Upstate upsizes: New 14,000-square-foot facility strengthens company’s grip on contract kinase screening market
In early March, Upstate Group Inc. completed the expansion of its kinase screening and production facility here, more than doubling its previous size to meet demand for its services growing in a market where company officials say it captures more than 76 percent of the business.
DUNDEE, Scotland—In early March, Upstate Group Inc. completed the expansion of its kinase screening and production facility here, more than doubling its previous size to meet demand for its services growing in a market where company officials say it captures more than 76 percent of the business.
The new 14,400-square-foot Fisher Building, named for Nobel Laureate Edmond H. Fisher, renowned for his discoveries of reverse protein phosphorylation, allows Upstate to provide a wider range of contract kinase screening services. It also frees up space in its previous 12,000-square-foot home for kinase production, development of novel assays and a distribution center for its products.
"We have built a significant business for kinase screening in less than five years," says Ian Ratcliffe, president of Upstate Group, a subsidiary of Serologicals Corp., based in Atlanta. "It's because we offer screening against a panel of 208 kinases — the 'gold standard' radiometric format — and because we have proven to our customers that we can perform their screening as well as or better than they would be able to do in-house."
Much of the Upstate's revenue growth over the past few years can be attributed to increases in both sales of reagents and panels from its kinase catalog and its contract screening services. 2004 revenue was $54 million, up from $42 million in 2003, with company forecasts predicting more than $80 million in 2005. Ratcliffe says demand is fueled by the fact that more than 25 percent of new drugs under development today are based on kinases. Upstate's commitment to providing these products and services, beginning with the opening of its facility here in mid-2000, is now bearing fruit.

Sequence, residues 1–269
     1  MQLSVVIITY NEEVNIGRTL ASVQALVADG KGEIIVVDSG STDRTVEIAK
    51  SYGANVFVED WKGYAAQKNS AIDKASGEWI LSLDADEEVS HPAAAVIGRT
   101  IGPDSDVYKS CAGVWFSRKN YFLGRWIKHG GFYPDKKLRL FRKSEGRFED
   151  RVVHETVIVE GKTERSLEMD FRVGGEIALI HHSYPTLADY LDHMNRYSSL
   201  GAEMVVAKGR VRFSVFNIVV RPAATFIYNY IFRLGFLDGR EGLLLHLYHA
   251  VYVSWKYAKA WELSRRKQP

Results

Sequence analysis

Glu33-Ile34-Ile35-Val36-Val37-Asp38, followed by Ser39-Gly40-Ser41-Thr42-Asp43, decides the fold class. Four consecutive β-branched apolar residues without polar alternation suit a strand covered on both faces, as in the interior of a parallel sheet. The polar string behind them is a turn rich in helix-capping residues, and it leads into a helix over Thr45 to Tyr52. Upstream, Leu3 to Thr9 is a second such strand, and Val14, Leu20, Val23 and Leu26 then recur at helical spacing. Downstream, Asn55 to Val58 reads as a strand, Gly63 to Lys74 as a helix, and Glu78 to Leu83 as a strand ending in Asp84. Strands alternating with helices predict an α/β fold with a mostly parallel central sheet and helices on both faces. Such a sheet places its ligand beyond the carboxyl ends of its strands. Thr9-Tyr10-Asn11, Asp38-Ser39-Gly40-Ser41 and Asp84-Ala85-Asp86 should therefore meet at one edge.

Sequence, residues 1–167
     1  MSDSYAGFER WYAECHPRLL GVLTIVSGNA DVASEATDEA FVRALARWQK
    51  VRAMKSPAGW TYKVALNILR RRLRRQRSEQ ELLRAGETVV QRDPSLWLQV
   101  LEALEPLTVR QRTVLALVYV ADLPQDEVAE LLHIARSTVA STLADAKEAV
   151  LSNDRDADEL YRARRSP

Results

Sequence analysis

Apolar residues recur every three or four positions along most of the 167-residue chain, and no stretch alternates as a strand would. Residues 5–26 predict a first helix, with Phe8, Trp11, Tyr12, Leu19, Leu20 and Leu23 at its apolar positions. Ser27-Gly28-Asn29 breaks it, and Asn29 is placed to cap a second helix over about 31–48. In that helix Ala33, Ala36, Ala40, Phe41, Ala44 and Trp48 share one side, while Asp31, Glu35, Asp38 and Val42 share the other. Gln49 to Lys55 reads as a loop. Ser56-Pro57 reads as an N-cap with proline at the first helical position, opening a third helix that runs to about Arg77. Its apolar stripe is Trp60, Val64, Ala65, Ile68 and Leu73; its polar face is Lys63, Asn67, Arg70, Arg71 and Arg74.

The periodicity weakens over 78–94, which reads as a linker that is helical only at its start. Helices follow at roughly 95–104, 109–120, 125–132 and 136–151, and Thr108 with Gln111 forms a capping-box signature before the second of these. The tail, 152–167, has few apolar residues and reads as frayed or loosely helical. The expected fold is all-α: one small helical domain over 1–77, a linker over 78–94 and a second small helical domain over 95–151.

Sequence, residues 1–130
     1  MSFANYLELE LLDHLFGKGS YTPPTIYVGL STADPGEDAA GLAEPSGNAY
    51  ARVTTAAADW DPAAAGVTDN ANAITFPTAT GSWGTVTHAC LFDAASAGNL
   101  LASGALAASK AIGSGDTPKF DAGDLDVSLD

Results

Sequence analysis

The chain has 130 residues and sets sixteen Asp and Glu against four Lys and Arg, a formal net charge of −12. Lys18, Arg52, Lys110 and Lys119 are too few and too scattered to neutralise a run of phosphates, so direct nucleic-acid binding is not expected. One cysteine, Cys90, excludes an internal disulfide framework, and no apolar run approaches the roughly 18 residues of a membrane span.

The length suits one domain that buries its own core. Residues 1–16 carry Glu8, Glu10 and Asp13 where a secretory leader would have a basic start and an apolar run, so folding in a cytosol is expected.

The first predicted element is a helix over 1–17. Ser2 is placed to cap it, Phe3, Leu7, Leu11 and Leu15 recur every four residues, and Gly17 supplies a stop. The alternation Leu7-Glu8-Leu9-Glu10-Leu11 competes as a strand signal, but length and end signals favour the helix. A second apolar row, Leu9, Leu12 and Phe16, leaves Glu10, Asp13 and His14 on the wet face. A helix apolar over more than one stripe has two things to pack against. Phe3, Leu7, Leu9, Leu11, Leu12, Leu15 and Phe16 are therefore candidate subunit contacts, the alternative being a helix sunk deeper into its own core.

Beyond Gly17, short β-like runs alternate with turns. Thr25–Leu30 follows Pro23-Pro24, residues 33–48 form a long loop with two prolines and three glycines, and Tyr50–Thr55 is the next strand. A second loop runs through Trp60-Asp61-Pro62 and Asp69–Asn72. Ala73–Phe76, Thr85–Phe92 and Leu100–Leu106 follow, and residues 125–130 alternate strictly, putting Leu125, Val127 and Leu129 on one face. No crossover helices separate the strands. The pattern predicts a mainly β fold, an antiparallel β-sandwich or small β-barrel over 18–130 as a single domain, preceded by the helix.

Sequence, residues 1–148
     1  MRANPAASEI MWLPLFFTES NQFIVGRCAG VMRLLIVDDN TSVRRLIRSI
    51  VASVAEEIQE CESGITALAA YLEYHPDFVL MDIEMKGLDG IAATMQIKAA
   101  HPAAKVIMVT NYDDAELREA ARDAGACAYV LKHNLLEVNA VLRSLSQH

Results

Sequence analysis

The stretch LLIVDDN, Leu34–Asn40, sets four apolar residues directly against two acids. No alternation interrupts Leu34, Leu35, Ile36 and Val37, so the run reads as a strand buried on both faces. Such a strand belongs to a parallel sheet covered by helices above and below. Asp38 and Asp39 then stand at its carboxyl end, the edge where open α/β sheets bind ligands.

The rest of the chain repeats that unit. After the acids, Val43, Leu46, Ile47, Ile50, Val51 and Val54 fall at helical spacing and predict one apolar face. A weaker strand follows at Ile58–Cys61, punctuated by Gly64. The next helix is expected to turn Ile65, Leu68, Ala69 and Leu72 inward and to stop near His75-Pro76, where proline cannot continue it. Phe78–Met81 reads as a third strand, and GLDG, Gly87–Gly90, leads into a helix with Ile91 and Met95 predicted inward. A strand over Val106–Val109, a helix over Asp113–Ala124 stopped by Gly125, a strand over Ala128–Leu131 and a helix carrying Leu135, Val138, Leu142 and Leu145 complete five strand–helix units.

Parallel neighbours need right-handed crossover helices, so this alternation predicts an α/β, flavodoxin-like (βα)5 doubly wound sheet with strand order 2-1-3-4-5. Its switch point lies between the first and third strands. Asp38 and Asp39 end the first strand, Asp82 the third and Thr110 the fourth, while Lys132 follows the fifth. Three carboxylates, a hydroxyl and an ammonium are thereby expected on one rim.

But acceptance of the company's services wasn't immediate. "I think when we first opened here, we were getting very small projects from our customers to test us and see if we were any good," says Steve Davies, general manager of the kinase facility. "Now that we have gained customer confidence, they are giving us much more work and that is going hand-in-glove with the global move toward outsourcing [compound screening]."
For Upstate that means providing a state-of-the-art facility with the equipment and workers to perform a wide variety of screening projects. "We will work with our clients to create custom assays and screening," Davies says. "We will do everything from hundreds of thousands of compounds against one protein, to one compound against all 208 kinases. So with some, it is relatively easy to fire up the robot and work from the same 'soup', while other projects require a lot more time."
Because every project is different, it is hard for Davies to estimate how much the company has increased its screening capacity, although he and Ratcliffe both believe the Fisher Building will be able to handle the growing demand for Upstate's services for at least the next five years. In the meantime, the company plans to increase its workforce here more than 30 percent, increasing to about 100 employees by the end of 2005, up from the 76 currently working at the facility.
While kinase work will continue to be the company's focus, the new facility should allow for additional services, including work with GPCRs in the near future. Furthermore, the expanded production capabilities in the old facility allow the company to further strengthen its custom assay development services and products for researchers to use in-house.